“The kids think I’m like a dad, that’s why I have to come to teach them a little,” says Mijaín López, half-jokingly, half-seriously, when he’s been training only for a few minutes.
With a smile on his face, but drenched in sweat after showing only a sample of his exceptional Greco, this athlete from Pinar del Río puts order in the Cerro Pelado, headquarters of Cuban wrestling in Havana.
Mijaín arrives mid-morning at the gym. He enters silently, although his presence is immediately noted, perhaps because of the magnetism that surrounds this century’s best wrestler in the world, and one of the historical leaders of this sport.
He wears a dark blue tight suit with the flag at chest level, gray pants made of thick fabric and a pair of flip flops. In his hands he has his work shoes, which he puts on in a matter of two minutes to get on the mattress and start sweating.
The action begins against Oscar Pino, after some stretching and a brief warm-up. Mijaín puts pressure on him, shakes him, corrects the positions of his hands, head and legs while wrestling in the center of the circle.
“I’ve been coming every day to help him minimize his mistakes and add something that he’s missing. We have to help each other,” says the athlete, who knows everything that’s at stake with his 25-year-old disciple.
Pino has been demanding the most from himself for months, training in both styles with the same seriousness. A few days ago he won a bronze medal at the Pan American Games in the freestyle and in three weeks he will return to Greco to seek Mijaín’s classification for Tokyo 2020 at the Astana World Cup.
As if that were not enough, after the world championship he will focus again on polishing his deficiencies in freestyle in order to win his own ticket to the Olympic Games in the continental classification of the coming course, in Ottawa, Canada.
“He is doing things well. He has a lot on his back, but he’s doing OK. Now he was in the Pan American Games and won a silver medal. Whether in freestyle or in Greco, it is one more prize for his record. He has taken advantage of the training and we will continue to push these days that we have left until the World Cup, so he gets there and does what he has always done,” says Mijaín about Pino.
Although everyone talks about Mijaín’s three Olympic gold medals and five world titles, it cannot be ignored that Pino has won two bronze medals in world championships (Paris 2017 and Budapest 2018), so there is full confidence that he will again be included among the best six of the 130 kilograms and thus ensure Mijaín’s passage to the Olympics.
“As I was the continuation of Cándido Mesa or Héctor Milián, Pino will defend my legacy. The fact that he is seeking my classification now does not mean that I’m taking advantage of his work. What he achieves in the World Cup, regardless of what favors me, is one more result for him, a new experience. In addition, the vision here is to fight for the fourth Olympic medal, it is something that everyone is going to enjoy, particularly him,” Mijaín explains.
His mind on Tokyo
Mijaín is in shape. Despite how much talk there is about how difficult it is to stay at around 130 kilograms, hours of work and sweat sculpt the athletic figure of this wrestler, who gives the impression of being ready to face the toughest of challenges.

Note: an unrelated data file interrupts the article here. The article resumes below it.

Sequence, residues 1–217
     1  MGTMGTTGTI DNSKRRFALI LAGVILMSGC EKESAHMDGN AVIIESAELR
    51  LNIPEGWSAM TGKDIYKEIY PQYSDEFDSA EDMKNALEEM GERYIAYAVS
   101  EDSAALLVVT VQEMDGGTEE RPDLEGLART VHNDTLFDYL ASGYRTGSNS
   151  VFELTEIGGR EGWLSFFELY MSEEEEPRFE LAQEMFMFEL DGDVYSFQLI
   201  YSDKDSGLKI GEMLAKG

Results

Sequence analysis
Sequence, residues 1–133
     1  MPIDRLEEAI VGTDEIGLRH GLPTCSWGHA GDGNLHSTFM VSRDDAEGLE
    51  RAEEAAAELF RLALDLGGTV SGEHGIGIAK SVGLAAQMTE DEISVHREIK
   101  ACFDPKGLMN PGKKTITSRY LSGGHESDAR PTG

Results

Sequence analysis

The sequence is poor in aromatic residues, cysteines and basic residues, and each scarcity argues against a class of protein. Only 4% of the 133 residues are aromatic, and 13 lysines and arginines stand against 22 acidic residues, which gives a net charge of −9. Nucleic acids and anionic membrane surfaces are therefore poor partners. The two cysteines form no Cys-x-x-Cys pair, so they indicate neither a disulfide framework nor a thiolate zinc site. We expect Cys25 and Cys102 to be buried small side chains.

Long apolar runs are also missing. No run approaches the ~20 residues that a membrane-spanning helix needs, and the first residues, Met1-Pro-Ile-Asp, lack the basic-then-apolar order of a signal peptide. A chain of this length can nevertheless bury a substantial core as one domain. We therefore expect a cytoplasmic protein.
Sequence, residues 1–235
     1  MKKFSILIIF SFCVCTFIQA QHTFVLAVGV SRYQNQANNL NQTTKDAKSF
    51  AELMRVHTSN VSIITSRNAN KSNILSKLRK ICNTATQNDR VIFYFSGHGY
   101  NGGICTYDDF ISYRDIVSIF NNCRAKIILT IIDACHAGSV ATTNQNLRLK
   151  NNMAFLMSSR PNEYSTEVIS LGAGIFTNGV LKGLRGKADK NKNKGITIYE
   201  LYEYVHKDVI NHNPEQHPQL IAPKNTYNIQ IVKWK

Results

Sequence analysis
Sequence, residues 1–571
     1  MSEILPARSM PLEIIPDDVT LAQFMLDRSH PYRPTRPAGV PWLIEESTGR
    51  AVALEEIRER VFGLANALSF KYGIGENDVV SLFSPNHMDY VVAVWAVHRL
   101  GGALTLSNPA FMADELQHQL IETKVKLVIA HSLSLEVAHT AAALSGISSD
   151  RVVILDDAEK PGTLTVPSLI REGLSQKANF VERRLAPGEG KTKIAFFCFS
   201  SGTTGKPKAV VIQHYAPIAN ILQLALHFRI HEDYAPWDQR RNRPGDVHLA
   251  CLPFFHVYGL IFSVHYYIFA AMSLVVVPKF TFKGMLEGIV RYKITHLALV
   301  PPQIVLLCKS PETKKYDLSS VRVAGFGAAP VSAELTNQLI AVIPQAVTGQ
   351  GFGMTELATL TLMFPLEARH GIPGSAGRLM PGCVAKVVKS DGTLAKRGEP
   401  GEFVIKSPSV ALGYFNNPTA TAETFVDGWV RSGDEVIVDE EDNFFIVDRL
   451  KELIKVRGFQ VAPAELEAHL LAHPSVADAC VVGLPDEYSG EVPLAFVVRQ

His gaze points to Tokyo, although he prefers not to give many clues to the strategies for the summer event, because everyone is watching the champion’s steps.
“I know there are many doubts about me because I have competed little, although they must have gotten an idea from the Central American and the Pan American Games. I, although I am outside, have also studied the rivals. It isn’t one of the things I like the most, I’m not used to going deeply in that direction because athletes constantly change, new strategies are drawn and tomorrow they don’t do the same as today,” explains Mijaín.
The gladiator surprises with this move. Anyone would think that much of his success is based on the strict knowledge of the rivals, but, in reality, Mijaín has a sixth sense to study his rivals and exploit their deficiencies in the arena.
“I stick to what I do. My strategy is to train like hell, sweat every day, and always try to be happy with what I’m doing, with my state. I like my sport and what I do has to be perfect. I can’t stand making mistakes, maybe that’s why in the first Olympic medal I was marked a point, in the second they didn’t mark me and in the third either,” Mijaín proudly says.
With his sights set on Tokyo, Mijaín hopes that the script doesn’t change too much, but for now his thoughts are focused on enjoying the Olympic Games. “When you go to the Olympic Games, which are every four years, the 110 ends and the 220 turns on. It’s another preparation, stronger training and more dedication, so you have to enjoy it to the fullest.
“I get to the competition as it is. Nothing pressures me, neither television, nor rivals, nothing. All I think about on the mattress is doing things perfectly, breathe in and out, and always think that if you’ve done everything right in training, then you can win, yes or yes,” says Mijaín, who opens his arms to receive everything coming.
“The whole world is going to be waiting to see what I do, there are many eyes watching, but not only me, also those who will be appearing in my path. That is why the pressure there will be for everyone and I will enjoy it. The one who’s going to wrestle is the champion, triple Olympic champion, the one who doesn’t make mistakes.”